Apple Wins a Patent for Fabric Smartgloves that will work with their Future Mixed Reality Headset and beyond
Apple Inc already has a series of patents on record regarding the possible use of VR gloves for gaming, education and Military training in the future (01, 02 and 03). Today Apple has been granted another Smartgloves patent by the U.S. Patent and Trademark Office titled "Knit data Input Glove." One of the inventors of this patent used to work on Nike's team that developed Flyknit runners.
Today's patent was never published as a patent application under Apple's name to keep the project under wraps. When a patent gets granted, Apple has to at that point reveal that they're the owner of granted patent for legal reasons.
Apple notes that it may be desirable for a user to control a system using data input gloves. For example, a user may manipulate virtual reality objects in a virtual reality system using data input gloves.
It can be challenging to incorporate electrical components into a fabric-based item such as gloves. As a result, it may be difficult to satisfactorily incorporate sensors and other components into data input gloves. Data input gloves may not be sufficiently comfortable when worn or may not be sufficiently accurate when used to control a system and this is what Apple's invention is to correct.
An accessory such as a glove may be formed from knitted fabric. The knitted fabric may form fingers for the glove that have fabric pockets. Sensors such as inertial measurement units may be placed in the pockets to measure movements of a user's fingers in the glove. The sensors may be coupled to control circuitry in the glove with signal paths in the fabric.
The knitted fabric may include conductive yarn that forms the signal paths. The conductive yarn may form courses in the knitted fabric that run along each finger. Haptic components and other electrical components may be coupled to the control circuitry using the conductive yarn.
Electrodes may be formed from metal-coated strands of material in the fabric on the sides of each finger. The control circuitry can use wireless or wired communications circuitry to convey information such as information on user finger movements to external equipment.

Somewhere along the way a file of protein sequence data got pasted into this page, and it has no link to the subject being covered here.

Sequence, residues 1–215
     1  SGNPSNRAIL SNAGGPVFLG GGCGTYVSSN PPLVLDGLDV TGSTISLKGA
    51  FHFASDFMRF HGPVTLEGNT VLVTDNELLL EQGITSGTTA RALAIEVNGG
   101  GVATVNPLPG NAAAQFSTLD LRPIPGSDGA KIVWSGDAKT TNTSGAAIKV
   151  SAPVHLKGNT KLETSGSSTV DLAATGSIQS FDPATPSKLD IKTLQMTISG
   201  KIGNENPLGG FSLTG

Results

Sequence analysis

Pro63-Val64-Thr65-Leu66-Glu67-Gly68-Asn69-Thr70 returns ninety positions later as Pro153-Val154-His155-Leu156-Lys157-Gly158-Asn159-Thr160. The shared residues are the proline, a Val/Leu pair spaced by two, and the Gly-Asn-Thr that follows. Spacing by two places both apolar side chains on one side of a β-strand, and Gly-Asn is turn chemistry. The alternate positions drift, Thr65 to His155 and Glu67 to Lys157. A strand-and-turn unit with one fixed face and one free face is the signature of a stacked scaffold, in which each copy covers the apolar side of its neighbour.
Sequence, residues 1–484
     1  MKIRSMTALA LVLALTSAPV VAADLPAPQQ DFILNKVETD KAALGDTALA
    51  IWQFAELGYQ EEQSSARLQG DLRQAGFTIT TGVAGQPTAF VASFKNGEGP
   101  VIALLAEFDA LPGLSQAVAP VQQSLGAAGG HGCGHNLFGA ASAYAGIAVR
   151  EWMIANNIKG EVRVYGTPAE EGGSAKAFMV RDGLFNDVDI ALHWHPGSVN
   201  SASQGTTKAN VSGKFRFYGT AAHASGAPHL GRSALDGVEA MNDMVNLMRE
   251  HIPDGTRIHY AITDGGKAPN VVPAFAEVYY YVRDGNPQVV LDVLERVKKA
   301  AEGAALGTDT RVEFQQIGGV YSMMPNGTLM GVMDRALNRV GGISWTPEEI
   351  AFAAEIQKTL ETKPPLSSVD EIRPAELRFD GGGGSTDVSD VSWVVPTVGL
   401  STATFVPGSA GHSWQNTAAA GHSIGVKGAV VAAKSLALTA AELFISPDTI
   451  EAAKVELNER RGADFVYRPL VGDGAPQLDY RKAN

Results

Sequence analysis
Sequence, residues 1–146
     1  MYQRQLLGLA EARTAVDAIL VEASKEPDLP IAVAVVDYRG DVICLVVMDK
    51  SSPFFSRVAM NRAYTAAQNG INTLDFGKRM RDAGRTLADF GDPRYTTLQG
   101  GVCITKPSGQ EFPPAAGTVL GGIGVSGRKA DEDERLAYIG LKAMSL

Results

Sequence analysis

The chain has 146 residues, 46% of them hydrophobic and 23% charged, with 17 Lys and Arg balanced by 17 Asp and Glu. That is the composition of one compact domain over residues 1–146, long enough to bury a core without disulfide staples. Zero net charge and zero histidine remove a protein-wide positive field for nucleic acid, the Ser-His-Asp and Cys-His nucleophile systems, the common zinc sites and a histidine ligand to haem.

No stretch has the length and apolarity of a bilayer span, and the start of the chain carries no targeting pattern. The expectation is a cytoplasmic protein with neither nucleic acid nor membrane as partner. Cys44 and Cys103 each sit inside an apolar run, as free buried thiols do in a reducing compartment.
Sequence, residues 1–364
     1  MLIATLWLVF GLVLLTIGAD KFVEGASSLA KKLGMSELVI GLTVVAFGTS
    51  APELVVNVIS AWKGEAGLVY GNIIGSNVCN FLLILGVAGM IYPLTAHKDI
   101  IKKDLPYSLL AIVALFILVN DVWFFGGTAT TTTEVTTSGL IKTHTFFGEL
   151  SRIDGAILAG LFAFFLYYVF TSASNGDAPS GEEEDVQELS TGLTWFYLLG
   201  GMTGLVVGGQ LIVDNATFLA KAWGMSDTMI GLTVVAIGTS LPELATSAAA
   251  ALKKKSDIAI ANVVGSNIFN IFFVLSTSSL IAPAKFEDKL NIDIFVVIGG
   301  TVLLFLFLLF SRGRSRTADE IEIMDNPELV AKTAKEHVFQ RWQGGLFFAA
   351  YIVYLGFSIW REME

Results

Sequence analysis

FIG. 1 is a schematic diagram of an illustrative fabric-based item such as a glove; FIG. 3 is a top view of an illustrative glove; FIG. 7 is a cross-sectional view of illustrative conductive yarn formed from multiple intertwined conductive strands in accordance with an embodiment; FIG. 8 is a cross-sectional view of illustrative conductive yarn surrounded with a braided insulating jacket in accordance with an embodiment; and FIG. 9 is a cross-sectional side view of an illustrative glove finger.
Apple later describes the types of electrical components (#42) that could be incorporated into this future glove accessory may include some or all of the following:
"Inertial measurement units, haptic components, light-emitting diodes (e.g., a light-emitting diode or an array of 2-10 light-emitting diodes mounted on the back of the glove or other portion of the glove that emit light that is detected by cameras in a motion capture system that monitors user hand positions).
Other components include heart rate sensors, humidity sensors, moisture (conductivity) sensors, force sensors, strain gauges, temperature sensors, thermochromic dye devices that change color in response to changes in temperature.
Apple may also include other sensors such as health, optical, and/or environmental sensors, actuators for providing haptic feedback, haptic feedback devices.
Apple's VR Glove may also work as an accessory for future iPhones, iPads, Macs, a TV and more.
Apple's granted patent was originally filed in Q1 2018 and published today by the US Patent and Trademark Office. One of the inventors listed on the patent is Mr. Podhajny who has been with Apple for 6.5 years. More importantly, Podhajny previously worked at Nike "Knit Exploration Innovator" as a Flyknit technology developer.